HR Management & Compliance

Common-sense Steps Can Reduce Privacy Risks From Mobile Devices

The proliferation of mobile devices has blurred the line between employer and employee information, and created new threats to sensitive data that are all too well chronicled. But common-sense steps can still be taken to minimize these risks without stifling the usefulness of these new tools, two data privacy and security experts said in a recent webinar.

“The shift in business models required us to have tech-savvy employees,” and now that consumers rather than businesses are driving the IT market, employees often bypass the procurement process, said Michael Spadea, CSS privacy manager for Microsoft Corp. “IT management didn’t necessarily change with the times.”

“It’s not just technology companies anymore addressing these issues,” added Christine Lyon, an attorney with Morrison & Foerster LLP. “Nobody has this entirely figured out yet,” and different businesses have different needs, so “slow down and think about this a bit,” she said.

“Step back and look at the big picture,” Spadea said. How mobile is your work force? How often do employees need company data, and how sensitive is this data? “You want to leverage the information classification scheme you already have in place,” he said. “Think about how you move the same or similar controls into the mobile environment.” Employees should be involved in this process because “it’s very important to get their feedback,” he added.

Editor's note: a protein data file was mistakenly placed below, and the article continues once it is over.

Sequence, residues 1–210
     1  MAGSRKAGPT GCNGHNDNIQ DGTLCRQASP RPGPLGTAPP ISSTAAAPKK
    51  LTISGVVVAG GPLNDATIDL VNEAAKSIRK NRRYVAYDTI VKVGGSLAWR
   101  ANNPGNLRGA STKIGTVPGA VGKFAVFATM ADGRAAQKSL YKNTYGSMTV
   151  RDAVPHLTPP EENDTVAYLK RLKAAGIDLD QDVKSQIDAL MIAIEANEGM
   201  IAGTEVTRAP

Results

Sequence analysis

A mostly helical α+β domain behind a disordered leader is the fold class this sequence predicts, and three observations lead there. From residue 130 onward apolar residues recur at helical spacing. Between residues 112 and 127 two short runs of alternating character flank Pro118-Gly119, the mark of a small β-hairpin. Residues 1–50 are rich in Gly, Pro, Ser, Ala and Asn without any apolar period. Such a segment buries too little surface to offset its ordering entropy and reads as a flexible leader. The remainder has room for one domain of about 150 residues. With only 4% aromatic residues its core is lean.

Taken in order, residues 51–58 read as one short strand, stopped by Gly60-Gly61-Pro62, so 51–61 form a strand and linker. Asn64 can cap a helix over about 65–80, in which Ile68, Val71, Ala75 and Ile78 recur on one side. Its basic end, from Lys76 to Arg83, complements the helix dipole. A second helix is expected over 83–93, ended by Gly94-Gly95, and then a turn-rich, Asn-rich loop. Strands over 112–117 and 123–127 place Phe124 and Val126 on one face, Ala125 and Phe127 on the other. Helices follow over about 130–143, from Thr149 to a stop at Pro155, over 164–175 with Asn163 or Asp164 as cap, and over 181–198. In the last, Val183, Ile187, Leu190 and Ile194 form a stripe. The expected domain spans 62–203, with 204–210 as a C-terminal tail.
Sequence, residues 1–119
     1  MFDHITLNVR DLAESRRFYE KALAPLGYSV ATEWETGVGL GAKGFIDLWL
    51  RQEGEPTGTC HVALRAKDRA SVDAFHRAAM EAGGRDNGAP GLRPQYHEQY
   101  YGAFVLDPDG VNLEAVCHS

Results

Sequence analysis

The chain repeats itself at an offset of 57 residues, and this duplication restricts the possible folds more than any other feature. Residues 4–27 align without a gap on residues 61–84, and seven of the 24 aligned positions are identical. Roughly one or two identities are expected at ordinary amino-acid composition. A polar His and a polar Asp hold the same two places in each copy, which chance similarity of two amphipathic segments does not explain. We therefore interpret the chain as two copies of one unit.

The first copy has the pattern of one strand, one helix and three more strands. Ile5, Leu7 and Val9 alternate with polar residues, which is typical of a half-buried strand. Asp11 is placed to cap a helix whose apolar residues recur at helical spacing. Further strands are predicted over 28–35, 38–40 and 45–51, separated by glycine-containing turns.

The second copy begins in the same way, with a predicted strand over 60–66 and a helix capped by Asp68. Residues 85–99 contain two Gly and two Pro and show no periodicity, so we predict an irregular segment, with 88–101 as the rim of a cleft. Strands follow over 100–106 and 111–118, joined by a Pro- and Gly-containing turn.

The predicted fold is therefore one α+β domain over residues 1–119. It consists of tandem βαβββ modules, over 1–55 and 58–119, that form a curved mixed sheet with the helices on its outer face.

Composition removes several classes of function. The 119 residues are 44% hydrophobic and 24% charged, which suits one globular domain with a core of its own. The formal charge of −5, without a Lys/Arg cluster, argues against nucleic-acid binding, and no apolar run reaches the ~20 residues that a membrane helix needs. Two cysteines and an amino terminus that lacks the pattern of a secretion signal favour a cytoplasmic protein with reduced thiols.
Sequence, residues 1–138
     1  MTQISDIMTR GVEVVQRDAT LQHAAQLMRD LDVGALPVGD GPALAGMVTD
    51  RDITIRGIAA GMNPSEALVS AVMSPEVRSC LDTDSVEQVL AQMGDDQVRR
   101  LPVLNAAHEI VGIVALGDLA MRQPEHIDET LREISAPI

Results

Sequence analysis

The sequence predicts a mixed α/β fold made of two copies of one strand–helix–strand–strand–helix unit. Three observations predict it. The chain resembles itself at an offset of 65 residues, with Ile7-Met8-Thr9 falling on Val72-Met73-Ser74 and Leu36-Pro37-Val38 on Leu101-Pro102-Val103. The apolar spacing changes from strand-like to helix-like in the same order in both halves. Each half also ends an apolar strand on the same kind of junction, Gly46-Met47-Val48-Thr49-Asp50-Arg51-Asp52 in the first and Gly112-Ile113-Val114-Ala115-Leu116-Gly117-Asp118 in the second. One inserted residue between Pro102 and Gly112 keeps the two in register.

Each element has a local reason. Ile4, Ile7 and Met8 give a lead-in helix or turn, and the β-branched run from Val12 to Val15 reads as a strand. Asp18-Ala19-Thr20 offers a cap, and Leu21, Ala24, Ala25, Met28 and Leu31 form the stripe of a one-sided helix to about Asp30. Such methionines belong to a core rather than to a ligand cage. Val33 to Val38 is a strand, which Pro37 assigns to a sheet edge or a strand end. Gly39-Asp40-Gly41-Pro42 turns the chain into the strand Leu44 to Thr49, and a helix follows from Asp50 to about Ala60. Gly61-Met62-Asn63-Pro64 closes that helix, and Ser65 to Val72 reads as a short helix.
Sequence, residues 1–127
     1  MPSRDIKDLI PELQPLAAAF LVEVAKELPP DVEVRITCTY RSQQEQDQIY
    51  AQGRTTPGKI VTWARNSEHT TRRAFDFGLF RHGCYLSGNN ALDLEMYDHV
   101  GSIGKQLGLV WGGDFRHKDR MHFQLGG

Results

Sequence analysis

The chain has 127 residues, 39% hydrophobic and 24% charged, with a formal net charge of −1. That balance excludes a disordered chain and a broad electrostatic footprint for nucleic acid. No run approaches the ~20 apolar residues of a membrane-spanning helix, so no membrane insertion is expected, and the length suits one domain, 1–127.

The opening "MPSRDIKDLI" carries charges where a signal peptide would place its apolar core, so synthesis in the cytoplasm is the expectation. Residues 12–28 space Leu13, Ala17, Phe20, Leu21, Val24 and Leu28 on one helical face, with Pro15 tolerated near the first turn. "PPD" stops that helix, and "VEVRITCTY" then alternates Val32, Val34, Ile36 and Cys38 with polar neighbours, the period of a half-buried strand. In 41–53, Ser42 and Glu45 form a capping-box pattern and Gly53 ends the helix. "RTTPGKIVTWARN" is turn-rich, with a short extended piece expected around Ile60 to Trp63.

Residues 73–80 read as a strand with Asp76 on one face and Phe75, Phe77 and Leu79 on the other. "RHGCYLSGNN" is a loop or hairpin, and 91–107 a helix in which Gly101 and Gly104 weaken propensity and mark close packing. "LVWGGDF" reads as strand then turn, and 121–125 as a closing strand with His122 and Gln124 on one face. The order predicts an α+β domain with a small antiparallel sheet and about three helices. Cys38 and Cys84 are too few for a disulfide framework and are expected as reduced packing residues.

When assessing the risks and evaluating controls, “make sure your policies are specific enough but flexible enough to grow,” Spadea said. “Make sure the changes you’re making are doable.”

The risk assessment framework should take into account how employees will be using the devices. “Do all people need to be accessing the data all the time? Probably not,” Spadea said. “Think about managing the data, not the devices. Start from a data-centric point of view,” classify your data, then “make sure the devices themselves are going to meet your security policy.”

One key step is to secure access to the company’s network. “How will your mobile and remote employees be accessing company data?” Lyon asked. If you allow them to remote in, “how do you secure those connections?”

Then consider “what to do with the local copies” of data saved on the devices. Remote or automatic data “wiping” capability, if the device is lost or stolen, is a common capability, Lyon noted. But if the wipe would destroy the employee’s own data as well as company data, you’ll need to be very clear to them about that, and may need their legal authorization, she said.

Lyon and Spadea spoke in a webinar presented by the International Association of Privacy Professionals.

Remote access and other data security issues, particularly as addressed by HIPAA’s security standards, are covered in the Employer’s Guide to HIPAA and Employer’s Guide to HIPAA Privacy Requirements.

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